Challenging Discriminatory Ban that Prevents Driving Instructors from Teaching in Carmiel on Saturdays and Jewish Holidays

Haifa District Court, Admin Petition 692/08 Khaled Farhat, et. al. v. The Mayor of Carmiel, et. al.

Adalah: The ban is illegal and violates the rights of freedom of movement and freedom of occupation of Palestinian citizens of Israel

The Municipality of Carmiel, located in the north of Israel, has erected traffic notices at all of the entrances to the town banning driving instructors' cars from entering it on Saturdays, the Jewish Sabbath, and Jewish religious holidays. Driving instructors’ cars have also been banned from the town’s industrial zone and the trading center, which are very busy on Saturdays. The ban greatly harms the right to work of Arab driving instructors because Jewish instructors do not work on Saturdays.

On 23 September 2008, Adalah submitted a petition to the Haifa District Court on behalf of four Arab driving instructors and in its own name demanding the lifting of the ban as it violates the constitutional rights of freedom of movement and freedom of occupation. Adalah Attorney Adel Badeer filed the case.

A number of years ago the Municipality of Carmiel erected a similar traffic notice, which led to strong protests by Arab driving instructors. Following these protests, the municipality allowed them to give driving lessons in the town’s industrial zone on Saturdays. However, several months ago the municipality re-imposed the ban throughout all of the jurisdictional areas of the municipality. There is no overall ban on the entry of cars into Carmiel on Saturdays and Jewish religious holidays, and signs have not been placed in neighborhoods within the town in which religious Jews live or adjacent to synagogues, but only at the entrances to the town. It thus can be inferred that the municipality’s aim is not to safeguard the sensitivities of religious Jews, who do not use transport on Saturdays, but rather that improper considerations underlie the ban on the cars of driving instructors.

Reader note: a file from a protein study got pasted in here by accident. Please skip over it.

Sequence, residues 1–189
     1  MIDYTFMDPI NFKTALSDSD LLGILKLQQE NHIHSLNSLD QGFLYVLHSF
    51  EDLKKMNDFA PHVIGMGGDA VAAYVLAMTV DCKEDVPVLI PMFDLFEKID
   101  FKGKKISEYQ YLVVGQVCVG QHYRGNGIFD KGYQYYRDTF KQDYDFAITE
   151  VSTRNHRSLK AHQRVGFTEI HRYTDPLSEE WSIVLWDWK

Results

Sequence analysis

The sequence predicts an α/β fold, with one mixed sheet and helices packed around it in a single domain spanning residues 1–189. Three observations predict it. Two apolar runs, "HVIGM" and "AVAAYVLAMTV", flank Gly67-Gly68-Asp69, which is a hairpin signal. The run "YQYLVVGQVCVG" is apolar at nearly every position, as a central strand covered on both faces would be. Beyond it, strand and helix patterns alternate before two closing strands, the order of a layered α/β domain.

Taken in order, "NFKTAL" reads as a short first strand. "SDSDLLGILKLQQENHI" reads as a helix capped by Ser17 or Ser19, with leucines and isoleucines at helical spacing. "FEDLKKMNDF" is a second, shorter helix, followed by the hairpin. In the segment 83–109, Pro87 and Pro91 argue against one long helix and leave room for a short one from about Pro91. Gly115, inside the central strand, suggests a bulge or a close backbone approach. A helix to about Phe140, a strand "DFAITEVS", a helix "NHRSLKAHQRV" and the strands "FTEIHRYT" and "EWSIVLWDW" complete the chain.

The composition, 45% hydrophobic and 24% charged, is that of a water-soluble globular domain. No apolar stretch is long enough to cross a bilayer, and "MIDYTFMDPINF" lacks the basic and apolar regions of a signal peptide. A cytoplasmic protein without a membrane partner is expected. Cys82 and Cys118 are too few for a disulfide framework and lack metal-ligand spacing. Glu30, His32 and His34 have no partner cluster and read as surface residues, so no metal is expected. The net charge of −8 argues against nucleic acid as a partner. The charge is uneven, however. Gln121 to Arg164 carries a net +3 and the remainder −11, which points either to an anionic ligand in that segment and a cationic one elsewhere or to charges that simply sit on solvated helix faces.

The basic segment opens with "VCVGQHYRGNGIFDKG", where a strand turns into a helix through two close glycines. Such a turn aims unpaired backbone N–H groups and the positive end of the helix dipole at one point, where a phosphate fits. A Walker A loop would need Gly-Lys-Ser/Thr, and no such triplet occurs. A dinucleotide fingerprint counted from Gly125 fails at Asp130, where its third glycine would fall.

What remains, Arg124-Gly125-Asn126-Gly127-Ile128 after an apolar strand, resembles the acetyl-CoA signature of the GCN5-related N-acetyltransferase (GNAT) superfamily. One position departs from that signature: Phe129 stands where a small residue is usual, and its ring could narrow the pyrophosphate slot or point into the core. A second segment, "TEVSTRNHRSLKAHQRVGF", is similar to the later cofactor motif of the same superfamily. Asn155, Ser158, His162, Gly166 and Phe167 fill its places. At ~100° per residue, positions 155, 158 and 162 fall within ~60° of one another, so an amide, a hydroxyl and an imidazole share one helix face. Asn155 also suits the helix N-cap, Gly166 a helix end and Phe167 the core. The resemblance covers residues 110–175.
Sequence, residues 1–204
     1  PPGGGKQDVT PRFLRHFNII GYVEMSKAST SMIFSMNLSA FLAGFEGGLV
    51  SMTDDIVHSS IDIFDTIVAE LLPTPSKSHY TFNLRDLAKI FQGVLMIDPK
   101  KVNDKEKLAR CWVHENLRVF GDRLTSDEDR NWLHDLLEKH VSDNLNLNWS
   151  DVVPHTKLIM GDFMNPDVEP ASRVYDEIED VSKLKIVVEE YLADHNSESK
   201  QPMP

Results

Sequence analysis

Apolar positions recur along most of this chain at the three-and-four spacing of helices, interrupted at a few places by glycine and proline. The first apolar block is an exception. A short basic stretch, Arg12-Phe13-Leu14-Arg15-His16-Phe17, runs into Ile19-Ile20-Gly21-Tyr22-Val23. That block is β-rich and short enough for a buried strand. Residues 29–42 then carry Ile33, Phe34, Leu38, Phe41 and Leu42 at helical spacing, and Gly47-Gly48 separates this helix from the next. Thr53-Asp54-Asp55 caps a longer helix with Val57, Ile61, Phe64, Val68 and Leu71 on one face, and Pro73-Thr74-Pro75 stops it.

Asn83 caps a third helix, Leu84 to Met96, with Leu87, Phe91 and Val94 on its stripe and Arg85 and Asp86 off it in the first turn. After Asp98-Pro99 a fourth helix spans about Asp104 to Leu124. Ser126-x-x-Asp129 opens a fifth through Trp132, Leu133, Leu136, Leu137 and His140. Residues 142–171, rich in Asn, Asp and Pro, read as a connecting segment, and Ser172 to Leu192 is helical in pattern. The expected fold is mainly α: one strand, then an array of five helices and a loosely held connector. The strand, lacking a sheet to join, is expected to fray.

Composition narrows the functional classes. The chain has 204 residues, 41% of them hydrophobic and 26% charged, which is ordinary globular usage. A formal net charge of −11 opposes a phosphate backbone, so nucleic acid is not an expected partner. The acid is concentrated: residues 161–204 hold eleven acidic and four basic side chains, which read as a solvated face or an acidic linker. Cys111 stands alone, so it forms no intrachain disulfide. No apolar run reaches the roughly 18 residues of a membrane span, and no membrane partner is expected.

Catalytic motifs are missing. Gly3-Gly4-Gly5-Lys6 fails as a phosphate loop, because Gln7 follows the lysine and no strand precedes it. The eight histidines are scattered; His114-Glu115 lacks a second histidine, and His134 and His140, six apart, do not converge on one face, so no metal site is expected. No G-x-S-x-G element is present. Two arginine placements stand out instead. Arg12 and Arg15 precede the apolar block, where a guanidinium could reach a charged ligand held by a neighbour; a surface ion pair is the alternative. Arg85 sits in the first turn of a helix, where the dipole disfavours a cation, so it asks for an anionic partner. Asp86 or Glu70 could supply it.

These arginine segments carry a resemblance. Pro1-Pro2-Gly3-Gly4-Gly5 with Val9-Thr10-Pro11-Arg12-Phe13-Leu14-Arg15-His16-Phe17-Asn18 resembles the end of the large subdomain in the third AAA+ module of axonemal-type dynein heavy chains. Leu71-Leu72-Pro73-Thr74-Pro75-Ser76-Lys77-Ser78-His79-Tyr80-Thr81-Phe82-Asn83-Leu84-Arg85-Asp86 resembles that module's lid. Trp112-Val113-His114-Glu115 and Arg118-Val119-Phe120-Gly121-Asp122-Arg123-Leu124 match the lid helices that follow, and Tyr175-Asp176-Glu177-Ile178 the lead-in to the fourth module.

In the petition, Adalah argued that the ban will lead to the severe interruption of the instructors' work. There is no point in teaching in the surrounding Arab villages, given that the driving test itself is held in Carmiel. In addition, these villages do not have traffic signs, which are necessary for instruction. The ban further harms the work and livelihood of the instructors, because many of their students are either secondary school or university students, or people who work late during the week, and for whom Saturdays are their days off and the most convenient day for taking driving lessons.

Adalah emphasized that the placement of the traffic notices contravenes the law, as the Municipality of Carmiel does not have the authority to erect them, even within its own jurisdictional borders, without acquiring the necessary licenses and obtaining the consent of the central traffic signage authorities, and without consulting with a local traffic police commander. Adalah has learned from the central traffic signage authorities that Carmiel has not obtained the licenses required to erect such traffic signs.

Administrative Petition 692/08, Khaled Farhat, et al. v. The Mayor of Carmiel, et al.

The Petition (Hebrew)